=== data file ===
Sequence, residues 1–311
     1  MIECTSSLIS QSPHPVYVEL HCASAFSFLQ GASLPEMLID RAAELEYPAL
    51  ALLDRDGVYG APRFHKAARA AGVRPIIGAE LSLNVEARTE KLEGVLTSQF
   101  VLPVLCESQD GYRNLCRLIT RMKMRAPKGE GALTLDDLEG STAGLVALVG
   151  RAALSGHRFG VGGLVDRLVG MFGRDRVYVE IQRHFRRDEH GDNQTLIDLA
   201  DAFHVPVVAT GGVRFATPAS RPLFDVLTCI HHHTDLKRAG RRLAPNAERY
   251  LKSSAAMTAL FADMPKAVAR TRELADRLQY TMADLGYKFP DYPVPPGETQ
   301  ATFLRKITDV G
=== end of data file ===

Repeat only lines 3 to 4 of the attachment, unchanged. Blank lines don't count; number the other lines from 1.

    51  ALLDRDGVYG APRFHKAARA AGVRPIIGAE LSLNVEARTE KLEGVLTSQF
   101  VLPVLCESQD GYRNLCRLIT RMKMRAPKGE GALTLDDLEG STAGLVALVG